Morphology – Particle

As for verbs, the particles of Romani can only be roughly outlined and presented in the way of excerpts in the context of this overview (1)

Within the category of adverbs, we must differentiate between derived modal adverbs and inherited or borrowed local and temporal adverbs.

Modal adverbs are derived from adjectives through suffigation of {/es/e/} to the stem: bar-e(s), lačh-e(s), tikn-e(s), etc. big, beautiful, small etc.

For local adverbs, there are a. o. pairs with Old-Indo-Aryan locative and ablative suffixes, such as:

angle : anglal ("in front" : "from the front")

maškare : maškaral ("in the middle" : "out of the middle")

tele : telal ("below" : "from below")

upre : upral ("above" : "from above")

These adverbs of place frequently function as prepositions. Hereby, the following definite article is assimilated if neutral form of the prepositions ends in a vowel:

anglo kher ("in front of the house")

maškar i len ("in the middle of the river")

telo bař ("under the stone")

upri bar ("on the fence")

Among the Romani varieties spoken in the Balkans, there is strong variation with regard to inherited adverbs of place (Boretzky/Igla 1994: 383):

kate / kathe / khate; akate, ...; katka / atkha (here, here)

kote / kothe / khote; okote, ...; kotka / kutka / otkha ("there", "there")

Romani retains only a few adverbs of time inherited from Indo-Aryan. The great majority are loans and derivations, which generally exist in a wide spectrum of variety-specific forms:

akanak / akana / akan / kana … [←ai. kṣaṇa-] ("now")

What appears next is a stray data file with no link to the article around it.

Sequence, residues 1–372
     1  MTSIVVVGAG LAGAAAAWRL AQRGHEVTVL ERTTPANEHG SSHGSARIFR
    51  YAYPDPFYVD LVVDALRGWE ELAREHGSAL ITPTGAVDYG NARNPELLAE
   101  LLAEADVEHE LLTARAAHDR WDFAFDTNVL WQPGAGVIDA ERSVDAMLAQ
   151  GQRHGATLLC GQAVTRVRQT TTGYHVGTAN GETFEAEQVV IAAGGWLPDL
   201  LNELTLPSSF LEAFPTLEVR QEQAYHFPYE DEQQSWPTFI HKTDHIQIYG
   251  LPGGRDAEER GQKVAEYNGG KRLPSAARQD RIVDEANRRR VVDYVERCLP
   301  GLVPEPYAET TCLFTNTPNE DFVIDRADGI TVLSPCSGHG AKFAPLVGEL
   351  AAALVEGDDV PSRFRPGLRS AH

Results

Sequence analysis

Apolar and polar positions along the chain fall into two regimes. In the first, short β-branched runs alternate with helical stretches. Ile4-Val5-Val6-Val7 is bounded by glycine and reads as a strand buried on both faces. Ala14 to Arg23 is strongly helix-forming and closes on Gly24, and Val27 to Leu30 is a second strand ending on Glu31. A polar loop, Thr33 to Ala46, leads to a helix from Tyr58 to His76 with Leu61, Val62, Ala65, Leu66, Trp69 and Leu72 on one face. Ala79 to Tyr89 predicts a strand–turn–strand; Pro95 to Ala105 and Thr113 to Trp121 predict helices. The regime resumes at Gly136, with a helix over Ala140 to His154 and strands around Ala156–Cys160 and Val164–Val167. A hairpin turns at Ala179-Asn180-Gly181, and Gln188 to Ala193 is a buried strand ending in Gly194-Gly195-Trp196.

idž / / / … [←ai. hyas] ("yesterday")

tehara / tahara / taha / tasja /… [←gr. ταχιά] ("tomorrow")

čirla (Arlije- and Bug.-R.) [←gr. καιρός ] ("a long time ago")

dumut / dumult / … (Kald.-R.) [rum. demult] ("a long time ago")

mindig (Bgld.-R.) [←ung. mindig] ("always")

artîk (Sep.-R.) [←tk. artık] ("immediately", "now")

araći / erači / irači / arati / … adava rat (yesterday;" this night")

agjes / avdive / avdzis / adi / ... adava dives (today; "this day"

The common particle of negation na appears in all variations of Romani and is of Indian origin:

na ←pk. na ←ai. na vgl. hi. na:/na (not, no)

Of coordinating conjunctions that can be traced back to old Indian, there exist thaj/taj ("and") [←ai. tatha:pi] and vaj ("or") [←ai. Va], the latter of which, however, has been replaced by more recent loans in many varieties:

kalo thaj parno ("black and white")

kalo vaj lolo ("black or red")

As to the subordinating conjunctions, the generally persistent differentiation between indicative kaj (←ai. kasmin) and subjunctive te (←ai. tad), which is also true for the languages of the Balkans, is worth mentioning, as the following sentences demonstrate:

Džanav, kaj aves baxtalo. ("I know that you will be happy.")

Kamav, te aves baxtalo. ("I wish that you will be happy.")

1 For detailed information on grammar refer to the variety-specific descriptions in quotation as well as those listed in "literature". Further "comprised" information on grammatical structures of Romani are found among others in Boretzky/Igla (1994) and Matras (2002). Their origins are thoroughly discussed in Sampson (1926/1968) and also in Matras (2002) which is the most extensive and reliable description of Romani so far.


Boretzky, Norbert / Igla, Birgit (1994) Wörterbuch Romani-Deutsch-Englisch für den südosteuropäischen Raum. Mit einer Grammatik der Dialektvarianten, Wiesbaden.
Matras, Yaron (2002) Romani: a linguistic introduction. New York/Cambridge.
Sampson, John (1926) The Dialect of the Gypsies of Wales. Being the Older Form of British Romani Preserved in the Speech of the Clan of Abram Wood, Oxford.
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